Welcome to embroidery basics where we’ll take a second to look at the sewout process from start to finish.
First thing to take into consideration is the resolution limitations of embroidery. The smallest stitch is about 2 – 3 millimeters across or roughly the thickness of a penny and the longest stitch is about 7 millimeters so thickness of a pencil.
Knowing that, imagine recreating your art out of building blocks that are no smaller than the 2 millimeters, that would represent the maximum resolution possible. Let’s also think about stitch count, the cost of embroidery is based on the amount of stitches used to replicate the design. As a guideline a solid square inch is roughly 2,000 stitches. Pricing can be found here.
All projects start with the art and garment. When initiating a project we take into account the following: Will the art fit onto the desired location on the garment? Does the changing size of the garment affect that condition? Will the machine and hoop fit on the garment in that location? Will sewing in that area potentially damage the garment?
Once we’ve covered the bases on sizing and location we’ll digitize the art for embroidery. Digitizing is the process of programming the art in a format that the embroidery machine can use to sew the design out. Think of it like a roadmap that the machine uses to find it’s way around the design.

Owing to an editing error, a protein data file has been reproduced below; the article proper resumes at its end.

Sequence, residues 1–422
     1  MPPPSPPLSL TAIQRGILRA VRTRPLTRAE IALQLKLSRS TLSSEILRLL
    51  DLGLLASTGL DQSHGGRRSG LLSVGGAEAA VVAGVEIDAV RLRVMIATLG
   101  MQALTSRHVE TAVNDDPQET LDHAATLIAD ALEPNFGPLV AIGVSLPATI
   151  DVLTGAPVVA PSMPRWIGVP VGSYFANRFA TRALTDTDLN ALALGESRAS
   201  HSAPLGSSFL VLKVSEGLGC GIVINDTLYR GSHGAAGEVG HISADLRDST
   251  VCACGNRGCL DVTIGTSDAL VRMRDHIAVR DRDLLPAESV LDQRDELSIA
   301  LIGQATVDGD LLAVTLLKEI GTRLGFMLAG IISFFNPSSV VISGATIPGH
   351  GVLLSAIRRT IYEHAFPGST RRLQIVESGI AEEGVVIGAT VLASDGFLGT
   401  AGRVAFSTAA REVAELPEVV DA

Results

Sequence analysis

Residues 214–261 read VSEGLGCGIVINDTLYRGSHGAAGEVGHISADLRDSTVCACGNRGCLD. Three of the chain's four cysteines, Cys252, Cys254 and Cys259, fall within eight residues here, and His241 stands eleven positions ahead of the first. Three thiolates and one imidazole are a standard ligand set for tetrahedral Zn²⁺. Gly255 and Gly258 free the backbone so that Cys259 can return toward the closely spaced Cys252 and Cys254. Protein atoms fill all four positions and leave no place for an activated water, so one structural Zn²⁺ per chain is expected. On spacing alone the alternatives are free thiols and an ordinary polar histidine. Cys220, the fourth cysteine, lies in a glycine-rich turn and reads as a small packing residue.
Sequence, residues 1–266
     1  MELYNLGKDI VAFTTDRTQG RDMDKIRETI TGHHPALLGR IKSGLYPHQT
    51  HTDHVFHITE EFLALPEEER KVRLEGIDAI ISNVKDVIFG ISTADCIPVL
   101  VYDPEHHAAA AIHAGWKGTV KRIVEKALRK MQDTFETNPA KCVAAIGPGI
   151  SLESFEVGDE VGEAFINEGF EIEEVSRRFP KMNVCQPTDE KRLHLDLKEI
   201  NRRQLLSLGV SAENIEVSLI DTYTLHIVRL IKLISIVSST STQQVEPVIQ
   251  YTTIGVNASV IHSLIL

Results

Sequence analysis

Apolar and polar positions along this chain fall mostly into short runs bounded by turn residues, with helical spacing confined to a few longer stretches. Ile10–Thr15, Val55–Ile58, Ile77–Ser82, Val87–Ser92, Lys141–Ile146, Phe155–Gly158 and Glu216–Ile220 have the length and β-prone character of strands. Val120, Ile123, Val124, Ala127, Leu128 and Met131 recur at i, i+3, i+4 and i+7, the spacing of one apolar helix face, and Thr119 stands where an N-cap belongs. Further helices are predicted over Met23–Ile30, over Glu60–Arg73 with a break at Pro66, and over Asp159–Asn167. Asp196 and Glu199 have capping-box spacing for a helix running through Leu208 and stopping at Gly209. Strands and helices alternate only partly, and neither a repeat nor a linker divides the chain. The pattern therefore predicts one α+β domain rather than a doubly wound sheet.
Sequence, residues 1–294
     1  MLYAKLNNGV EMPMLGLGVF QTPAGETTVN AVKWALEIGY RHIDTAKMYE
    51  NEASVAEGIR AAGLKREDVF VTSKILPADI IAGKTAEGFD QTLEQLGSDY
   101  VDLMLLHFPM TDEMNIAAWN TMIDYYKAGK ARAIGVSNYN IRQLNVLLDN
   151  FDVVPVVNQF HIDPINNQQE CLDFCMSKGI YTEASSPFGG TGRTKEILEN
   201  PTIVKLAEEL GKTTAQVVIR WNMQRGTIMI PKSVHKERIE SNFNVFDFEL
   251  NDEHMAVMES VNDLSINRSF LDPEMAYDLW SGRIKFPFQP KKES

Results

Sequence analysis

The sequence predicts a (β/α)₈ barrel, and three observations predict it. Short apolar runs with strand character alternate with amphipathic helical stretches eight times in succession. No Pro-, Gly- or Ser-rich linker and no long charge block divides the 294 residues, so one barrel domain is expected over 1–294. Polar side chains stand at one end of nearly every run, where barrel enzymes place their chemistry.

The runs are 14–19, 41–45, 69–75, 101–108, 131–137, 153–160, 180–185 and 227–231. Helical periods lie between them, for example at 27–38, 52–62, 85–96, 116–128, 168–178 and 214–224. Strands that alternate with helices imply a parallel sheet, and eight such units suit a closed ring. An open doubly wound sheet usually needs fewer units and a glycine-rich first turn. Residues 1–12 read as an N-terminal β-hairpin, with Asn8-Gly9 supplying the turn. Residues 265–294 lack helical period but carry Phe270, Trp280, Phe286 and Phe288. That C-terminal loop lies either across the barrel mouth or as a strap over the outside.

Once the digitizing, measuring and compatibility checks are all wrapped up it’s time to start production. In order for the garments to be loaded onto the machine they must first be hooped. Hooping is the process of putting the garment into the frame that then mounts to the machine, the most common types of hoops are hat hoops and flat hoops. Hat hoops are circular to accommodate the the contour shape of headwear and flat hoops are used on 2D objects like jackets and tees. Shown below flats on the left and hats on the right.